Afghan detention system

UN Notes That Ending Torture Requires Accountability. Too Bad They Are Talking About Afghanistan.

Back in October of 2011, I wrote about a report prepared by the UN (pdf) in which it was found that torture is widespread in detention facilities administered by Afghanistan. The primary point of my post was that the US, and especially JSOC, had no credibility in their denials of responsibility for torture in Afghan prisons because the entire Afghan detention system had been established and its personnel trained by JSOC.

The US response to that report was not a huge surprise. It consisted of a doubling down on the one thing ISAF claims as its savior–training. After all, it is training of the ANSF that is intended to provide cover for the eventual withdrawal of combat forces by the end of next year, so why can’t training save the detention system, too?  A follow-up report was issued yesterday (pdf), and it serves as a complete slap-down to the US response.

The report finds that this training approach was a dismal failure, as torture has not abated:

Using internationally accepted methodology, standards and best practices, UNAMA’s detention observation from October 2011 to October 2012 found that despite Government and international efforts to address torture and ill-treatment of conflict related detainees, torture persists and remains a serious concern in numerous detention facilities across Afghanistan.

UNAMA found sufficiently credible and reliable evidence that more than half of 635 detainees interviewed (326 detainees) experienced torture and ill-treatment in numerous facilities of the Afghan National Police (ANP), National Directorate of Security (NDS), Afghan National Army (ANA) and Afghan Local Police (ALP) between October 2011 and October 2012 This finding is similar to UNAMA’s findings for October 2010-11 which determined that almost half of the detainees interviewed who had been held in NDS facilities and one third of detainees interviewed who had been held in ANP facilities experienced torture or ill-treatment at the hands of ANP or NDS officials.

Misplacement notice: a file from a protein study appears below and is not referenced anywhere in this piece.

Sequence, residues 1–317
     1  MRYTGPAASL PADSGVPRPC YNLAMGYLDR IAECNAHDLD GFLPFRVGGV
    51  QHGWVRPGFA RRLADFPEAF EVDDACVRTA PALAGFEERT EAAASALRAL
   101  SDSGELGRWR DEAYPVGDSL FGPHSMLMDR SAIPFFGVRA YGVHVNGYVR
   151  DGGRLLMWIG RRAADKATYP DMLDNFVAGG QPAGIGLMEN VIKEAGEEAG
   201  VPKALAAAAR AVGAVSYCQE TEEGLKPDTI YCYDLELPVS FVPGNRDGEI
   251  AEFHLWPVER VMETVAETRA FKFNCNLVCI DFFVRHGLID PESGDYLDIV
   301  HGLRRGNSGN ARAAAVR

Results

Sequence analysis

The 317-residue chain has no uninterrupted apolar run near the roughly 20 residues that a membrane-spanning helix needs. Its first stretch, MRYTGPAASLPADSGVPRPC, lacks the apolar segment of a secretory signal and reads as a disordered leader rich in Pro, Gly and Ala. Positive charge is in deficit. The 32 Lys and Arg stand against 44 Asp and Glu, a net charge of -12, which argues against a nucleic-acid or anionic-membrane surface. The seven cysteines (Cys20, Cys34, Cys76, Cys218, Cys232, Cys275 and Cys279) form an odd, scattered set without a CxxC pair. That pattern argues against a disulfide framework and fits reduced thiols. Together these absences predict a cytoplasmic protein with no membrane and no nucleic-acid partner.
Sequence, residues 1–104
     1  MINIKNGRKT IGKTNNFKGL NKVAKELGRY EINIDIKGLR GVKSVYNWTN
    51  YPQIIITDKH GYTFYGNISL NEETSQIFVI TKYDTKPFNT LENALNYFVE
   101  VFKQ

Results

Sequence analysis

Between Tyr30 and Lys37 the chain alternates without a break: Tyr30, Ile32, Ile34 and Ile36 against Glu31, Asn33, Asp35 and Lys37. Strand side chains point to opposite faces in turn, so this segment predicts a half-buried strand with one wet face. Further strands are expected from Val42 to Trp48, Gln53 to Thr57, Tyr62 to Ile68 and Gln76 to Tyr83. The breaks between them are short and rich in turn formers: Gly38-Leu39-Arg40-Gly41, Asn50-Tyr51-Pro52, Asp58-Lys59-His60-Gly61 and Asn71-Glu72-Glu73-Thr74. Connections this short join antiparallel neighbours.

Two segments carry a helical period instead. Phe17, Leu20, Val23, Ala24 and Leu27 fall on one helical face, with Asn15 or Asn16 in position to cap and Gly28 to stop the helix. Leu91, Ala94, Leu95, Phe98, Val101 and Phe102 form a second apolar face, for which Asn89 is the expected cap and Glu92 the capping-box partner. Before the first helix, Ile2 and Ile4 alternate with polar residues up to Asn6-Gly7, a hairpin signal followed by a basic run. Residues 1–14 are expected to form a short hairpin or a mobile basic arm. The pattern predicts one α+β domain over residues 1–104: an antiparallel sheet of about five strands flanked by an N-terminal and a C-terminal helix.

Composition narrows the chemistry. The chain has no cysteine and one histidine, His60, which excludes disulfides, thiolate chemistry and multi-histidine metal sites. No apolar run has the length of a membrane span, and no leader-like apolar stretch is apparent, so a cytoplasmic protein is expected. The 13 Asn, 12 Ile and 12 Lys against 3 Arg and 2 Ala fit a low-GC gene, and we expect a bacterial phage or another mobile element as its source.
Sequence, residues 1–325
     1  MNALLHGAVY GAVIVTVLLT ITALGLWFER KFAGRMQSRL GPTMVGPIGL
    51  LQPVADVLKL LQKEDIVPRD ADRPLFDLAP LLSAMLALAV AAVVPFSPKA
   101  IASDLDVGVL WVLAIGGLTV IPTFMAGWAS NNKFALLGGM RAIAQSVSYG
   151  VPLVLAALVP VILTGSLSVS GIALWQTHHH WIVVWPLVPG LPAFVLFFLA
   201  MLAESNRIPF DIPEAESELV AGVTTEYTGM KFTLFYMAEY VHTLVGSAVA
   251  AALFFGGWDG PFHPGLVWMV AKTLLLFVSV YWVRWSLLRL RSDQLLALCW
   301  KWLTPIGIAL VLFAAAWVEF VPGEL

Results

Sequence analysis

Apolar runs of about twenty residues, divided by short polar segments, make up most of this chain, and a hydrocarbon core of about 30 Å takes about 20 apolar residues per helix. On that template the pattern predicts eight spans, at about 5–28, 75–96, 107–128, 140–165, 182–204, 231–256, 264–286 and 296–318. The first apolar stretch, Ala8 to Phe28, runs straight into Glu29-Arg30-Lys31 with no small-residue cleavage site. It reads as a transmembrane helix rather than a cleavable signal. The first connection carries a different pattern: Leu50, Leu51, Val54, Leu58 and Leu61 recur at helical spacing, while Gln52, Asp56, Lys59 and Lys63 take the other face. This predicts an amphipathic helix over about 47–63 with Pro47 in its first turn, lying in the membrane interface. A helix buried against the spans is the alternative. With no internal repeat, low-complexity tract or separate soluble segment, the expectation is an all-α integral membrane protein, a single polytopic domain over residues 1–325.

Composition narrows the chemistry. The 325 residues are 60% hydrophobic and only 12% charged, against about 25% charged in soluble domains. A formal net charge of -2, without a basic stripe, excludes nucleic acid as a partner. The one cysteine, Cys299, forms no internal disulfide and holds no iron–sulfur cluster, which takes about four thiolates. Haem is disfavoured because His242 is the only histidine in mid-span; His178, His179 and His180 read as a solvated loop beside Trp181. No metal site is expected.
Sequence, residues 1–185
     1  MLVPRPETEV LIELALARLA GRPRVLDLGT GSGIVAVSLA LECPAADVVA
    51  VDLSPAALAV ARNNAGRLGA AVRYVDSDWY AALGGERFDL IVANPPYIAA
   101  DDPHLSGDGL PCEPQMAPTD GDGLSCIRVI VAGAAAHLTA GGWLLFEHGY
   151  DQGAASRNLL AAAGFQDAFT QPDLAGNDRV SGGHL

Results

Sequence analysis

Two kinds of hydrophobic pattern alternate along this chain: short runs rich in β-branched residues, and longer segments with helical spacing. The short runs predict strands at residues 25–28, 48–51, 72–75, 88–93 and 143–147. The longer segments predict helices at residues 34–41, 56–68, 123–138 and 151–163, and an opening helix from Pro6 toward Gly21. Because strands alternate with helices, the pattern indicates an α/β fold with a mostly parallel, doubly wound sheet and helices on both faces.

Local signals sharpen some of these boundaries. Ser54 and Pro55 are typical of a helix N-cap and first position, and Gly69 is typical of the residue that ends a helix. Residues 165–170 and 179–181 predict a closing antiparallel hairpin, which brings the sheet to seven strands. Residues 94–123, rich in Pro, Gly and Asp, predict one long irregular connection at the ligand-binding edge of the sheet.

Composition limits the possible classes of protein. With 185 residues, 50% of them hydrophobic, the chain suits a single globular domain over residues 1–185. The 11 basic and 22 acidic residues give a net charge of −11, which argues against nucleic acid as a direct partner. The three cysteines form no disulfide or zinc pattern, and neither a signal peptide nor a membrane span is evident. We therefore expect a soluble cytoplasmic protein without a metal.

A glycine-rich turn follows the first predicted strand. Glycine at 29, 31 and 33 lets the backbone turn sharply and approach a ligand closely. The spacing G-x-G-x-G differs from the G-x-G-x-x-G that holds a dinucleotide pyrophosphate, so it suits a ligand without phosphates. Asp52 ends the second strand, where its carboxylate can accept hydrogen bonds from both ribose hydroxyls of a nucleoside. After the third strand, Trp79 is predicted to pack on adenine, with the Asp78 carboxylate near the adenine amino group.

And here is the UN concluding in the report that training alone won’t stop torture. Instead, real accountability is what is needed:

Similar to previous findings, UNAMA found a persistent lack of accountability for perpetrators of torture with few investigations and no prosecutions or loss of jobs for those responsible for torture or ill-treatment. The findings in this report highlight that torture cannot be addressed by training, inspections and directives alone but requires sound accountability measures to stop and prevent its use. Without effective deterrents and disincentives to use torture, including a robust, independent investigation process or criminal prosecutions, Afghan officials have no incentive to stop torture. A way forward is clear.

This seems like a particularly important message to take into consideration on the day that Barack Obama is involved in the pomp and circumstance of starting his second term in office. He gained the support of many progressives during the Democratic primaries in 2008 by issuing a strong call for torture accountability and then famously turned his back on it by expressing his desire to “look forward, not backward”. With this report, the UN shows the moral bankruptcy of such an approach and seems in fact to even be taunting him with the final “A way forward is clear.”

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